Now to get to that interior, to that story, there are a lot of different tools I can use. I can chip away, a little at a time by taking long walks and strenuous hikes. I can let my mind wander while I’m doing nothing. I can inundate myself with other forms or creativity – books, movies, TV, magazines, music – and see if I get inspired.

These are all things I’ve done in the past, and, actually, things I’ve mostly done in the past two weeks. But there are other tools, too, specialized tools that might work for me, but not for someone else.

The past couple of days I’ve been using one of those specialized tools more heavily than I’ve done in a long time, or perhaps ever.

I’m a visual person. I was big into theater in high school, so much so I even directed the musical version of THE HOBBIT when I was a senior…bet you didn’t know there WAS a musical version of THE HOBBIT. Here’s some photographic evidence:



(That’s me kneeling in both pics…apparently that was my chosen directorial style.)


When I went off to college, my interests had moved to motion pictures, and I majored in film and television history. (Got to watch a LOT of movies during class. My all time favorite course was one our own Steven Schwartz and I – I think – took together…The Films of Alfred Hitchcock, or something like that. Awesome!)

Quite by chance, when I entered the working world I happened to stumble into the arena of graphic design for television, or what we called motion graphics. No, I wasn’t a designer, but I worked with designers everyday for what turned out to be almost twenty years. And when you work with graphic designers, you will find that visual stimulation is a daily event.

So it’s not surprising that the visual can be very stimulating to me.

Back in grade school (or was it junior high?), I got an assignment in an English class to create an essay/story by using only pictures found in magazines. If I remember correctly, we could add short headlines, but that was it. The pictures had to make the story. It was a great project, and, if you ask me, very forward thinking on my teacher’s part.

To this day, I still remember that project, and, in a way, am still utilizing the lesson learned.

Almost everyday I come across images on the Internet that stimulates me for some reason. Could be I just like the setting, or the face. Could be I like the atmosphere. I save these images to a folder on my desktop that I call Inspirational Pics. In the past I’ve looked through them on occasion. But this week, as I set out to cobble away at that chuck of rock that someone unceremoniously put down in front of me, I decided to try something new.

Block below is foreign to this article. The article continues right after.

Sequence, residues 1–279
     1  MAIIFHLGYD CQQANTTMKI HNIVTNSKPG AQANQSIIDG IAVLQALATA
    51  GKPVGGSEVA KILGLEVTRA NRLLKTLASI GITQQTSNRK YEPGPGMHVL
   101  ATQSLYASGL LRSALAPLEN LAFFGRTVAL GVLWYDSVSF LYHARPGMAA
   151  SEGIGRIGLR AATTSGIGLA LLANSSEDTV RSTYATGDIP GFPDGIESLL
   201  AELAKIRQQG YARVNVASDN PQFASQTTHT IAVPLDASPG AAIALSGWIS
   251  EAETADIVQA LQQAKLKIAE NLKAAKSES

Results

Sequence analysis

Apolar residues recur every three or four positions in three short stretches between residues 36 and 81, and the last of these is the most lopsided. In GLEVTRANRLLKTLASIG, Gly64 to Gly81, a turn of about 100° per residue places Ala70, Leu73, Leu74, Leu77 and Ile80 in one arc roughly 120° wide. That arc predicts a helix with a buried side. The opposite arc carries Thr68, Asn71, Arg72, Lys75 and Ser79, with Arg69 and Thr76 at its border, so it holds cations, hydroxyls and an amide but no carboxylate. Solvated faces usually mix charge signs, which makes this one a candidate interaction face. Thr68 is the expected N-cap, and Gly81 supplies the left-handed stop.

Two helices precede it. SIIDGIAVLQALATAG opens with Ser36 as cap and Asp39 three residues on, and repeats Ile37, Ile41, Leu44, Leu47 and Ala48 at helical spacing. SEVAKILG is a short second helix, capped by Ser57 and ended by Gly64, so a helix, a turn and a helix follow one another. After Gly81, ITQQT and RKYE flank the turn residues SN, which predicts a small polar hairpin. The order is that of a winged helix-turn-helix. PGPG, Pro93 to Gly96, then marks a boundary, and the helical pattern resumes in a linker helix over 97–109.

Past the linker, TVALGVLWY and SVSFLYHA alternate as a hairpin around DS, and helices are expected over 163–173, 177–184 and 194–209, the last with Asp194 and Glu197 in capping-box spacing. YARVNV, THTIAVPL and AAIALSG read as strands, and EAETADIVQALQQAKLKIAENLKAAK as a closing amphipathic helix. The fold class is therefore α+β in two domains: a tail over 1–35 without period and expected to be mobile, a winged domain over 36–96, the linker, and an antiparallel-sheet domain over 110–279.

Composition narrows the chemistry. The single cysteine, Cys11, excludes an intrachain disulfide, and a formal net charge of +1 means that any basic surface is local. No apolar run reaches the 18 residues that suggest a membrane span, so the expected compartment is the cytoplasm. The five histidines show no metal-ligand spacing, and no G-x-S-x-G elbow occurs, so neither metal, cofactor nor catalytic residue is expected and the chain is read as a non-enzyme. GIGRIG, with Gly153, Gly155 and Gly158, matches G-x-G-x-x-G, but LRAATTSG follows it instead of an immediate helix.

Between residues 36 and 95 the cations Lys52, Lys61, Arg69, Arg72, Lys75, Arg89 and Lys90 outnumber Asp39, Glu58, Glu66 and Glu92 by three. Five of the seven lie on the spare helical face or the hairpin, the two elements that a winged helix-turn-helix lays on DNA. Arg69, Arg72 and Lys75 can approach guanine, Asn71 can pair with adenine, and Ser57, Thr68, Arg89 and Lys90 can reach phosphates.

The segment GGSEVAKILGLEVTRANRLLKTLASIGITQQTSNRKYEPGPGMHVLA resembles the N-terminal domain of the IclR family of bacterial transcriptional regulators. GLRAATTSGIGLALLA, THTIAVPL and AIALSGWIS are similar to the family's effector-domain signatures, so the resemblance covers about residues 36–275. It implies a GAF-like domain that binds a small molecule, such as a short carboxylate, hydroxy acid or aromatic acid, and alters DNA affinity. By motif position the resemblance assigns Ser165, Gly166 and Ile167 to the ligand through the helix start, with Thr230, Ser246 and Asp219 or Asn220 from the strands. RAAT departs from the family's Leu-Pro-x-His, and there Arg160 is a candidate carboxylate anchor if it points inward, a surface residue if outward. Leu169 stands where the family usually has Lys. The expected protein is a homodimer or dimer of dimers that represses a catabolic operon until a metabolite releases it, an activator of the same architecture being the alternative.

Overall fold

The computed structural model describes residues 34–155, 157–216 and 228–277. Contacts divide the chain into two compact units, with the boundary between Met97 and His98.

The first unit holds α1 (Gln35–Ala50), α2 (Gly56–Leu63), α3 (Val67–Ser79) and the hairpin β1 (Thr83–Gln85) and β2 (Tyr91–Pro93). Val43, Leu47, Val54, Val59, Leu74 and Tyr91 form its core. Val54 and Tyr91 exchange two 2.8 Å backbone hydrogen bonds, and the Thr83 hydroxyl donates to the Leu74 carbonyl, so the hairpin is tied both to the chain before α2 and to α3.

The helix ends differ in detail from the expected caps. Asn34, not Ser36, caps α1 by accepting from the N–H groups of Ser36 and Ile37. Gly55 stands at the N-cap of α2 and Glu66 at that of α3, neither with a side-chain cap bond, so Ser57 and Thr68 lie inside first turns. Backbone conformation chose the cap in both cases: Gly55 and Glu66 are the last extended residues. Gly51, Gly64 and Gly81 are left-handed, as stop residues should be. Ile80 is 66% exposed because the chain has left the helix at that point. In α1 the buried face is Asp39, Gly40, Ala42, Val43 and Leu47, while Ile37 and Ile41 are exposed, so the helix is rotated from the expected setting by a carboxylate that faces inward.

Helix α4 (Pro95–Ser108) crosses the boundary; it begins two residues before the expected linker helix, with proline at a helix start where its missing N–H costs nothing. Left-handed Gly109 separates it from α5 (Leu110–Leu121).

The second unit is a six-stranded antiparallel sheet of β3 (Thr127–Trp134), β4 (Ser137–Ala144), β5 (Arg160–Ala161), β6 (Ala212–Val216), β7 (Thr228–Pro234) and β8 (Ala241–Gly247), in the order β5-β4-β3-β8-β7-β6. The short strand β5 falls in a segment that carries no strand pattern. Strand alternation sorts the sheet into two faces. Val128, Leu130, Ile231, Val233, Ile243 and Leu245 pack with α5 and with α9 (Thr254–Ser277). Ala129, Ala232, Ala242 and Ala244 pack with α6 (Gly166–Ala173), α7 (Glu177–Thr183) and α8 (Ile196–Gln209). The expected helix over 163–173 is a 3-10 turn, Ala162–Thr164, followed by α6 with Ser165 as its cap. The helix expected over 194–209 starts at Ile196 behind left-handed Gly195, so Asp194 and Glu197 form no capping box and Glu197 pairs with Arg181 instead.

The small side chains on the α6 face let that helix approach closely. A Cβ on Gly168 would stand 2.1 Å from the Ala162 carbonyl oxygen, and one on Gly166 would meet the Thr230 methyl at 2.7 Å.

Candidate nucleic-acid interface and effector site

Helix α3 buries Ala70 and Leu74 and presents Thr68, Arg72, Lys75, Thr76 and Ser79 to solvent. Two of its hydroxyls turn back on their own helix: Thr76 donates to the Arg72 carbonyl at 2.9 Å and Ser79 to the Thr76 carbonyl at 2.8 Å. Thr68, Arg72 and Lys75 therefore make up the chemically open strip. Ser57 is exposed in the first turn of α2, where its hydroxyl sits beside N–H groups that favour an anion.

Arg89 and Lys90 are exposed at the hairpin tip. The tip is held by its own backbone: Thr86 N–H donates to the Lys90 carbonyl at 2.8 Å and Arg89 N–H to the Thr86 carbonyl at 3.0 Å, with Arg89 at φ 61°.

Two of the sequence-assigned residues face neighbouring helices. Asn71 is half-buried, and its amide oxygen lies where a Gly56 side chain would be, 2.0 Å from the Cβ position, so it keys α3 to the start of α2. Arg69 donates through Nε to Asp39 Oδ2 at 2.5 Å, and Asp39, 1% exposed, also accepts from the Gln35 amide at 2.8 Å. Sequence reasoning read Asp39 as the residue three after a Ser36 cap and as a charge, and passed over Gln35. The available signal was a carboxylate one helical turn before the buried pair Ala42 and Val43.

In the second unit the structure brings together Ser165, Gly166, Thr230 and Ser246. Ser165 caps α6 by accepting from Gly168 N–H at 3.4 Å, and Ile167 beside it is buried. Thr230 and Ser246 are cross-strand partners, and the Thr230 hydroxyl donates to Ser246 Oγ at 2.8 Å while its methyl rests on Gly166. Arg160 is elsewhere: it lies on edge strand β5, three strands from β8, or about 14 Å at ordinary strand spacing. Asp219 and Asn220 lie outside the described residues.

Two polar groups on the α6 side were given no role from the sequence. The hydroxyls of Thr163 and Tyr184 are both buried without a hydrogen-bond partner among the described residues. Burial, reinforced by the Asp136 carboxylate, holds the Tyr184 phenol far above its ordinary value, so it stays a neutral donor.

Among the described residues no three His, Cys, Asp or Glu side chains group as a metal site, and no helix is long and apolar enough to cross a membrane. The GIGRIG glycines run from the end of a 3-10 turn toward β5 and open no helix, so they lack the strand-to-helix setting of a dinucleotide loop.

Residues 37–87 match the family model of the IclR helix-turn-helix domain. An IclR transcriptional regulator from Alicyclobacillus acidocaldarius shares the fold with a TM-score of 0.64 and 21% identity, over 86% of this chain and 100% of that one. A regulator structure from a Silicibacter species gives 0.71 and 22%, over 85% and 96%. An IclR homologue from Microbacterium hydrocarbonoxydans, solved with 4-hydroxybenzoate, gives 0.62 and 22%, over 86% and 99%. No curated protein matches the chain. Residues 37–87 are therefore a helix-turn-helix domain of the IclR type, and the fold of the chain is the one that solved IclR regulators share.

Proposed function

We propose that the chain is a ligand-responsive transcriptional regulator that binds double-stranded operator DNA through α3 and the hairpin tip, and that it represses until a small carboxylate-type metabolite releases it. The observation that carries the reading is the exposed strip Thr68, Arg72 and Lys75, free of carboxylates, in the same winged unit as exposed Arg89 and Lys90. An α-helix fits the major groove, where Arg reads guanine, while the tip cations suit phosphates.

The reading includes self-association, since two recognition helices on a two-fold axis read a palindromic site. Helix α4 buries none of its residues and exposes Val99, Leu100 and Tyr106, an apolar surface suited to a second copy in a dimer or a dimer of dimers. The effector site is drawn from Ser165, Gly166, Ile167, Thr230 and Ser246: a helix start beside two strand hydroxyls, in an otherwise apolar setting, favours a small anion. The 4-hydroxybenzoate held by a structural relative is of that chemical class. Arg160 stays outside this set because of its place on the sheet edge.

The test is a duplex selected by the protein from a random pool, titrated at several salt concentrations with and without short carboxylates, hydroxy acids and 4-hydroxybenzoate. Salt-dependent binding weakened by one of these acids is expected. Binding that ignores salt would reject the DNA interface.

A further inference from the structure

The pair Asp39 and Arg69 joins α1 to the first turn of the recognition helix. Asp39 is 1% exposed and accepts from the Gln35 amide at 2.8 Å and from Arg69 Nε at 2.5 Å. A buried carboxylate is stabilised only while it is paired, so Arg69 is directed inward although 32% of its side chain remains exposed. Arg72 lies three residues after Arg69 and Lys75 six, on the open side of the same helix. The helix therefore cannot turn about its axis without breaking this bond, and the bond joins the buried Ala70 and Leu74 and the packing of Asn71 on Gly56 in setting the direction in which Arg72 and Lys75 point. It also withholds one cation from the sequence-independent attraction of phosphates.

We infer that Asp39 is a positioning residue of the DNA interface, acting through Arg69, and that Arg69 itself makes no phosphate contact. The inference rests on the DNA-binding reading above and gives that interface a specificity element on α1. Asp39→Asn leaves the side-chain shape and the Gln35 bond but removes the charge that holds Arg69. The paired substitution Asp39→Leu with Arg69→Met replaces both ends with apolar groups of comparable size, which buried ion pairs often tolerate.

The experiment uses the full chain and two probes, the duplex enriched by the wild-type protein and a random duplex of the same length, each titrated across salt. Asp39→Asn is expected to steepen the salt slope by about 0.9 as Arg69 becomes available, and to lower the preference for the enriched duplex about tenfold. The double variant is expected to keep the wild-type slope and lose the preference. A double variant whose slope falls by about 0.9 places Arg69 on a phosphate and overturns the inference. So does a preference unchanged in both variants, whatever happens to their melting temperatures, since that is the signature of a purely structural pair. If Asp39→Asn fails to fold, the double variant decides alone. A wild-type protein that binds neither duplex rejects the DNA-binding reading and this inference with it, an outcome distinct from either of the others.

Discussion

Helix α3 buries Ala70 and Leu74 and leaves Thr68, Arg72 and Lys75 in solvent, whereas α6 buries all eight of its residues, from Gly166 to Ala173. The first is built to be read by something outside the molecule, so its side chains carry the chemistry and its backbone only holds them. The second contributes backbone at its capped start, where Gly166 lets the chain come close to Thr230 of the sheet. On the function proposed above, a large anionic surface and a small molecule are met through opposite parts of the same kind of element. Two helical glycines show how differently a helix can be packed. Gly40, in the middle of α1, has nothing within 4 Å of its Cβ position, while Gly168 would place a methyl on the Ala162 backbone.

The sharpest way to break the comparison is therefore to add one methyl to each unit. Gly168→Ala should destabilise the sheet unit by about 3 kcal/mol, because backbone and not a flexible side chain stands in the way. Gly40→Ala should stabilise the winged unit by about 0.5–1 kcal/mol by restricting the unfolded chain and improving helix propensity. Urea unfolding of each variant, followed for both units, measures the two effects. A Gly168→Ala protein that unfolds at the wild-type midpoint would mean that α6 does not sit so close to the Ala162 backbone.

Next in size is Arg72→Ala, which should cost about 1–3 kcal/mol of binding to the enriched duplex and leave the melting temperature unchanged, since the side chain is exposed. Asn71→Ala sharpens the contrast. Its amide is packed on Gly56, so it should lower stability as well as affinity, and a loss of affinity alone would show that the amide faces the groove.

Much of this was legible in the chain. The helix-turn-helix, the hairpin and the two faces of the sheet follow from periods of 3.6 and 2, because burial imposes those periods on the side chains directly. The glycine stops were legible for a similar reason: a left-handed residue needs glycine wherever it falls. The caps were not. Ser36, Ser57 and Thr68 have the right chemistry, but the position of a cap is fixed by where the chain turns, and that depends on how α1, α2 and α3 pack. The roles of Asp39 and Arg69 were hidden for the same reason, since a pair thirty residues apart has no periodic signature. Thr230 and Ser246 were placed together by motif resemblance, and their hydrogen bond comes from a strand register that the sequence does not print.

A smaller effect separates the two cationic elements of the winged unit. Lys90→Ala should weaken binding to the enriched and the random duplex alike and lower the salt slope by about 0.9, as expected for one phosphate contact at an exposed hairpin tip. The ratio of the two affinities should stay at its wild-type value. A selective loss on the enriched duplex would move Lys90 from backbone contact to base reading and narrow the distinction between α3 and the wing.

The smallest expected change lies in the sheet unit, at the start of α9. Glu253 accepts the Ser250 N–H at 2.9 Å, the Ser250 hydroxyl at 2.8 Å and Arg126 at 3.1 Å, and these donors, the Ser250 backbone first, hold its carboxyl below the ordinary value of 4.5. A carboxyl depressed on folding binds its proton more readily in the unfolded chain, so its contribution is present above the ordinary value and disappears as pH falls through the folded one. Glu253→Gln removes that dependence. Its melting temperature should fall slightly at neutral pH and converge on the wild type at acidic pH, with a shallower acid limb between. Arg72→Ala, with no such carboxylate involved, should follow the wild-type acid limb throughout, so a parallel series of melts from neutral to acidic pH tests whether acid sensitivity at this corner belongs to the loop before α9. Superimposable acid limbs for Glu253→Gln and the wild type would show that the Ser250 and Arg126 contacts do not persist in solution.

I created a new folder, then opened one with my Inspirational Pics. Slowly, I went through them, one-by-one. If one made me stop or otherwise called out to me, I put a copy of it in the new folder. By the time I was done, I had about two dozen images (out of the, literally, hundreds I’ve collected.) I then put these selected images in an order that made sense, and started to play them as a slideshow.

And you know what? There’s something there. I can feel it. I don’t know what it is completely yet, but I have discovered a main character, and I’m starting to see events – though hazy still – that take place in the story. I even wrote a couple pages that might be the beginning of the novel. The pictures really speak to me. I can feel them pulled me in. I can see them knocking off the unnecessary parts of the rock as I hunt for the story I know is there.

I know I’ve found my tool of choice on this particular project, and for the next week I will undoubtedly watch that slide show over and over, letting it reveal more of the story to me.

Yes, I know. I’m weird. But I like it that way. (I’d share the pictures, but don’t want to tip my hand.)

So, what tools do you use to get rid of the unnecessary bits that are hiding your story from you?

Thank You 2009 For….

by Brett Battles


…another great year with my kids

…the good health of my family

…marking the passing of my grandfather…at nearly 98, he lived a long and great life, so this is said in complete sincerity.

…my friends

…all the old friends I’d lost track of over the years and have reconnected with via the internet.

…my career

For everything, really….the good and the bad as it all helps to shape us into who were are.


Some requests for 2010….


A smooth transition as my son moves from junior high to high school (hard enough for regular kids, extra stressful for one with Down Syndrome.)

A smooth transition for my oldest daughter from sixth grade to junior high…and a wish that she’ll finally gain a love of reading.

And for my youngest daughter who does have a love of reading, a deepening of that.

As the economic improves, an improvement in book sales across the board

And, in general, happiness and health for all.


And, finally, big thank you not to 2009, but to all the Murderati gang, contributors and readers alike, for another wonderful year.

Enjoy the weekend, be safe, then let’s do it all again in 2010!